Hugo's Reviews > Archangel

Archangel by Sharon Shinn
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's review
Jul 07, 10

bookshelves: fantasy
Read in May, 2010

I bought this book on a whim after reading about it on a blog I didn't know that it was mainly a romance novel, it caught my interest because the twist on the fantasy setting seemed intriguing.

As a romance novel it more or less follows Formula 1A (not that I'm a big fan of the genre, but I've read enough to recognize the clichés). Head-strong and willful, yet amazingly beautiful and talented servant girl meets proud and brooding noble lord, and there is some sort of connection. Initially they hate each other, and through a series of misunderstandings they fall apart before in the end finally coming together and realizing that they love each other (mainly, the male noble needs to swallow his pride and beg and plead a bit before the stubborn girl relents, but only because he really has a good heart).

What's more interesting is the setting; the girl is an orphaned slave girl from a nomadic tribe while the guy is an angel lord named Gabriel, soon to become Archangel of the world Samaria, and their love has been ordained by the god, Jovah. Gabriel needs to marry before he may assume the role of Archangel, and this girl Rachel is the one the the god has declared to be his wife. Now he only has to find her and convince her of her duty before the annual Gloria is to be sung to appease the god, the lack of which would bring down destruction and divine wrath from the skies.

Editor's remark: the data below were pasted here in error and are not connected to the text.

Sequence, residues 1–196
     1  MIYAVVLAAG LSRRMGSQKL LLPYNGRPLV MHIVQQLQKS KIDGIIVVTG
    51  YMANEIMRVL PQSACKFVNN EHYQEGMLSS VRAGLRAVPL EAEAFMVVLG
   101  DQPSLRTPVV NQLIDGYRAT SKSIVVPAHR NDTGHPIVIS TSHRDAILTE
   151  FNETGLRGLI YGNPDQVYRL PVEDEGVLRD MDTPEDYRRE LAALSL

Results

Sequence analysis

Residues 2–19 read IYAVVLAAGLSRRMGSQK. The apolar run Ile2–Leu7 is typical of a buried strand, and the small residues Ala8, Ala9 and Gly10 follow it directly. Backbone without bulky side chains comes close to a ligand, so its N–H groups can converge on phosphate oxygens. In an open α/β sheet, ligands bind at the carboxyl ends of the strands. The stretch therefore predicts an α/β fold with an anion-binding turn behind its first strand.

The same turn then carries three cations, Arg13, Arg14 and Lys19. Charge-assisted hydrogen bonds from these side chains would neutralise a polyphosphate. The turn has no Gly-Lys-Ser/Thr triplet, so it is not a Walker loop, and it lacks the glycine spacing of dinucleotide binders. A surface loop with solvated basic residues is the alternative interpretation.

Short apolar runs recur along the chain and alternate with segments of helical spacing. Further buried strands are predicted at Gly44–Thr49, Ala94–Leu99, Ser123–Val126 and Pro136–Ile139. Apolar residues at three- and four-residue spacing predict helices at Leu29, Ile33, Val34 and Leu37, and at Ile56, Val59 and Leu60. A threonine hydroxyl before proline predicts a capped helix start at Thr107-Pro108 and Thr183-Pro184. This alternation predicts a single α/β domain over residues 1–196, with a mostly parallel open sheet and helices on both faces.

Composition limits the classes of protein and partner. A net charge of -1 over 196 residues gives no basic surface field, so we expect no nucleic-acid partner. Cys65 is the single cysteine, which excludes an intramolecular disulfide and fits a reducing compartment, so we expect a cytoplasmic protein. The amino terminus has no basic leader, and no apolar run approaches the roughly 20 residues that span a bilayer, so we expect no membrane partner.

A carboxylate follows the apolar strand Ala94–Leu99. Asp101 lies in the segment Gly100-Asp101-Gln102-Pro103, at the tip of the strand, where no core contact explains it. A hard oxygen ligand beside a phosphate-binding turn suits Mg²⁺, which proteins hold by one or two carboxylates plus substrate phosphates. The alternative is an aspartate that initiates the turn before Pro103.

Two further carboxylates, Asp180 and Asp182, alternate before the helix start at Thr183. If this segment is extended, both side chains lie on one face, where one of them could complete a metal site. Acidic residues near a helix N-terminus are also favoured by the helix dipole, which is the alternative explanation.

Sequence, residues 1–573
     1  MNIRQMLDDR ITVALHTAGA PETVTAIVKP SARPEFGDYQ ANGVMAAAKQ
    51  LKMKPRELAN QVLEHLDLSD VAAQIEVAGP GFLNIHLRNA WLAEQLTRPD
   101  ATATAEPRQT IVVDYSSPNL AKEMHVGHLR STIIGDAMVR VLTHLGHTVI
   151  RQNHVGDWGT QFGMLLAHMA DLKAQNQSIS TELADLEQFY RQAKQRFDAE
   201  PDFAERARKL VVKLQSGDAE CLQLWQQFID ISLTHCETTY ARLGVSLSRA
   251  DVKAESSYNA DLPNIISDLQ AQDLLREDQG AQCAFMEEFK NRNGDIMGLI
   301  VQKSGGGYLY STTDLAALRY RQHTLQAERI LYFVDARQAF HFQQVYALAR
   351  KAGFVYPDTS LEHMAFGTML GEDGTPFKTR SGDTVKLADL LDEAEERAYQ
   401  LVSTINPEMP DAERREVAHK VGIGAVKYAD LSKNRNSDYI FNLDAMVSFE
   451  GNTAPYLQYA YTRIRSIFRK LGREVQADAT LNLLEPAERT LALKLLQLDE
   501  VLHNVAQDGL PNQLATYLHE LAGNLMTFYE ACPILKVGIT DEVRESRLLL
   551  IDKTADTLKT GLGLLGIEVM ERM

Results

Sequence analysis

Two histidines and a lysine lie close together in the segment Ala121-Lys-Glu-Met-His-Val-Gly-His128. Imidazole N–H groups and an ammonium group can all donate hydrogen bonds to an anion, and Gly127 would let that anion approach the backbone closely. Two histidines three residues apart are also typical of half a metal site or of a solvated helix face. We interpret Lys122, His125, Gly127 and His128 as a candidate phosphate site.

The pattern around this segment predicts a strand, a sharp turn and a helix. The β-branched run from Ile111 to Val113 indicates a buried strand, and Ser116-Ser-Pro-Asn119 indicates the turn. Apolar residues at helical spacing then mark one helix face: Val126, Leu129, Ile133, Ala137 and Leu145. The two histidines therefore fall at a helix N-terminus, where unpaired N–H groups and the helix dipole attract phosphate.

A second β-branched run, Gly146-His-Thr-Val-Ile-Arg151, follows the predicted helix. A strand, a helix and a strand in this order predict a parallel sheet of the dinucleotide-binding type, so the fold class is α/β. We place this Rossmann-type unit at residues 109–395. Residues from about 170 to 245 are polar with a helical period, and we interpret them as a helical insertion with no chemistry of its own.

There is a conflict involved, and a power play between both other angels and powerful humans, which ties into the interesting part, which unfortunately is spoiled right there in the blurb on the back of the book.

Now, this revelation is only hinted to in the actual text of the book, and the setting definitely has potential, but it is unfortunate both that the publisher felt the need to spoil it right on the cover of the book, and that the author barely explores the potential through such a formulaic romance story instead of a more interesting one, but there are two more books in the series, so I'm putting my hopes to a more interesting discussion of faith and philosophy in them.

So, apart from some naive anachronisms, and an overly idealized notion of nomadic lifestyles, along with lengthy descriptions of gowns and jewelery as well as beautiful yet moody angels, I found it well worth reading, mostly because of the novelty of the setting. Hopefully the next two of the series explores the potential of it better.
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Sara I agree with you about the publisher spoiling the revelation. That was kind of a bummer.

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